Vitaly Petrov has hit out against the continuing accusations that he is in F1 purely by dint of his ability to bring funding and attract sponsorship, rubbishing claims that he is a 'pay-driver' and insisting that 'there are a lot of lies written about me'.

Having clung onto his Lotus Renault GP seat for a second consecutive campaign largely on the basis of his inspired Abu Dhabi performance in November - albeit not a drive that endeared him any to double world champion Fernando Alonso - Petrov justified his employers' faith in him with interest with a brilliant charge to the bottom step of the rostrum in last month's F1 2011 curtain-raising Australian Grand Prix.

What's more, the Melbourne result was achieved entirely on merit, with no drivers ahead of him dropping out of the race - and even more significantly, it was one that made history in confirming Petrov as the first Russian ever to ascend an F1 podium. It was a seminal moment for a man clearly intent on trailblazing a path for his country in the sport and opening up the floodgates.

"I had a lot of 'phone calls and text messages from everybody I know saying 'congratulations'," the 26-year-old told British newspaper The Independent. "I'd forgotten how many people had my 'phone number! I felt really good after the race. It was great to be standing on the podium in front of my team, especially knowing what we had all been through over the winter with some very difficult moments.

"Before we went to Australia, I had a feeling we could get a good result. Testing tells you very little, but we kept improving and bringing new parts to the car. Then, in Melbourne, the car was perfect for the whole weekend and it went better session-after-session."

Petrov's interest in all things high-octane was sparked as a child, when at the age of just five, he used to change gear in his father's road car, and subsequently went on to participate in motocross and some rallies in a Subaru.

"[The motocross] was very good physically," he explained, "because you need to be very strong and that was a good experience for me. I did lots of different sports - judo, football, tennis. When I was young, my father was always putting me into groups to learn different sports. That was good for my reactions.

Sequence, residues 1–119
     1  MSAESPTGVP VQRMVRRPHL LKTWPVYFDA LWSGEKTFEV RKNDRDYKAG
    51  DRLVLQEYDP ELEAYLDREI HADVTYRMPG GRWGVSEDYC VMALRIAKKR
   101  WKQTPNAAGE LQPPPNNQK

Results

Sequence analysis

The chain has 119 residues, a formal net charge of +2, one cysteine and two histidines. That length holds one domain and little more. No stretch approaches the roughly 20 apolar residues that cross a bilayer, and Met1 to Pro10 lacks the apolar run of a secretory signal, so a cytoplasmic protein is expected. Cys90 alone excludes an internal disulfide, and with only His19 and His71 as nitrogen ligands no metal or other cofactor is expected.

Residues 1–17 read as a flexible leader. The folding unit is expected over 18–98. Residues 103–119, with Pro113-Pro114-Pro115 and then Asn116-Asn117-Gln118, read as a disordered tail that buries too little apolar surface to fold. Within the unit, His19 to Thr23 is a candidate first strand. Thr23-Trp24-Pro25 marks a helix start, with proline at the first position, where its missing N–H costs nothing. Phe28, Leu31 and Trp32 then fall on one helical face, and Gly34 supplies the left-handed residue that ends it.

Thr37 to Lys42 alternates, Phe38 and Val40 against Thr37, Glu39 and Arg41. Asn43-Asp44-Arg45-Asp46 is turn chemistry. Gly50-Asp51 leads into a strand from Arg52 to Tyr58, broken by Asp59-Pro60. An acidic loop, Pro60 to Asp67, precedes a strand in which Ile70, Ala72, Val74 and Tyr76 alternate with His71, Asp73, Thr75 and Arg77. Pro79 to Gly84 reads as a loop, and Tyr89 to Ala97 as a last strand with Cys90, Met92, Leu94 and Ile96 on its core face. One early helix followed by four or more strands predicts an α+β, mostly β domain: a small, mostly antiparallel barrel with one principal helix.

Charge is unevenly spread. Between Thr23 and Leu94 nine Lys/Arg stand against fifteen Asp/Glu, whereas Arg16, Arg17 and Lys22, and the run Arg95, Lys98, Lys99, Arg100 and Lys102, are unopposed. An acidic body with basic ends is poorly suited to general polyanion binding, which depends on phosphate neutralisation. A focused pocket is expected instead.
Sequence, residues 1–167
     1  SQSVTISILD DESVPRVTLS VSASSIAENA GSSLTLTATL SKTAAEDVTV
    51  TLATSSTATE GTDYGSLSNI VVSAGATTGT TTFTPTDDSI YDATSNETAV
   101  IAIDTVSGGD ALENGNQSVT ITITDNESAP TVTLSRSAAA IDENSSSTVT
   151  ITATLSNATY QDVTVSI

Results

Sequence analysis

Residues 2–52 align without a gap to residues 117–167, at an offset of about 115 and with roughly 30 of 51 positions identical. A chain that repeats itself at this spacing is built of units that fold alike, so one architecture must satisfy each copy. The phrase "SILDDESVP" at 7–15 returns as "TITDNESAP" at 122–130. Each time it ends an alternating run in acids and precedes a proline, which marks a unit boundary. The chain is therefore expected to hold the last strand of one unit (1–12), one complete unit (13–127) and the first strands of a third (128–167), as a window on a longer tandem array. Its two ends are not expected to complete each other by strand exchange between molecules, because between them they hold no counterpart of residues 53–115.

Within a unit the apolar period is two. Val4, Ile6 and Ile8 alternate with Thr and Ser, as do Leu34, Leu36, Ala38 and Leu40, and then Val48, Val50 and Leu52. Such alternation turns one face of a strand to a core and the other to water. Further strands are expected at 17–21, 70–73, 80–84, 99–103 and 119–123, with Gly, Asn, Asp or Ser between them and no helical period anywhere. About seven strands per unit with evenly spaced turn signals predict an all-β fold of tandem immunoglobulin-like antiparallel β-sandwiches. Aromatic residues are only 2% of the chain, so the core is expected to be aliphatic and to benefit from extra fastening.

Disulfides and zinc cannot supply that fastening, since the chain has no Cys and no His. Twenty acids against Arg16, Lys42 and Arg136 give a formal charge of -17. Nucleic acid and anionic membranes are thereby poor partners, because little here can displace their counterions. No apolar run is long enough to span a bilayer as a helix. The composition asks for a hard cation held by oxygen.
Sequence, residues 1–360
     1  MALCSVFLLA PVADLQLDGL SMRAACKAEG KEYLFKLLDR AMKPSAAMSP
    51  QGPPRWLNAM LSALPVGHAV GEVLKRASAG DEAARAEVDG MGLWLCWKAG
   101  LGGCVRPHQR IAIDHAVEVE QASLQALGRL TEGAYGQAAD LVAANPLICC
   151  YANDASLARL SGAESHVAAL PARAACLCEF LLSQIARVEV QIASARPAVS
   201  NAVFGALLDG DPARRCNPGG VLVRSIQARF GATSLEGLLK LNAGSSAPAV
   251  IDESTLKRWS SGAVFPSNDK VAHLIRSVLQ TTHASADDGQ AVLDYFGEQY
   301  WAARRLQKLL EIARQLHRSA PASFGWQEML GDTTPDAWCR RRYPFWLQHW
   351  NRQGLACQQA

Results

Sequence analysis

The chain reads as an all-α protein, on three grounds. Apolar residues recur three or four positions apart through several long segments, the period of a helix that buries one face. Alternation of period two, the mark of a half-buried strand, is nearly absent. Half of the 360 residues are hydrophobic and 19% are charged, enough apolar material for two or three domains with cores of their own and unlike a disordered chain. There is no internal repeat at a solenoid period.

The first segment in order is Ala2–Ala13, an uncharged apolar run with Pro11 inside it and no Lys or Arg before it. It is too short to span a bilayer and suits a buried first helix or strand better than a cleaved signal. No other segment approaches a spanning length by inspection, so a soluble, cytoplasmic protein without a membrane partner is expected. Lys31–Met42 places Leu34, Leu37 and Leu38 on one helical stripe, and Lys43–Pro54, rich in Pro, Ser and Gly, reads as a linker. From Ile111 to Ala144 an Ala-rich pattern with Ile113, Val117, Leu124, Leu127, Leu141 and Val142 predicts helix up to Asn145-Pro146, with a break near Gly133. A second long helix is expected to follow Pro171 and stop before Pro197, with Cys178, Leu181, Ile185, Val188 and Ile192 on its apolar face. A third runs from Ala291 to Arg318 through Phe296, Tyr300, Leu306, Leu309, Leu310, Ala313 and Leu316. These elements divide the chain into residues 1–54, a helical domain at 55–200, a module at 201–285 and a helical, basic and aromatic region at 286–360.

"I liked to drive in the snow, so when it snowed I would go out and drive on frozen lakes. You can do whatever you want. You feel how the car is sliding and where it is getting grip. Maybe that is why I am not bad in the wet. What I have to do now is improve in the dry, feel the car in more conditions and understand how it all works."

During his formative career, Petrov went on to compete in the Lada Cup in his homeland, before branching out into Europe in Formula Renault and the Euroseries 3000 - and then graduating to F1's feeder series, GP2. Although he triumphed four times and finished as runner-up in the 2009 title chase, still he is dogged by whispers that he is in the top flight based upon the size of his wallet, rather than the depth of his talent.

"I am never thinking about this," urged the man dubbed the 'Vyborg Rocket' in reference to his hometown. "If someone says this, I say, 'Shut up - I don't want to listen to this!' There are a lot of lies written about me. I never read them.

"I know what I am doing and I know that it was difficult for people to believe in me, but my team believed. I don't want people to think that we are here just because of money. My father wanted to blow all the money the family has and the business, but after a few races in F1 you can see that I am not here just because of money."



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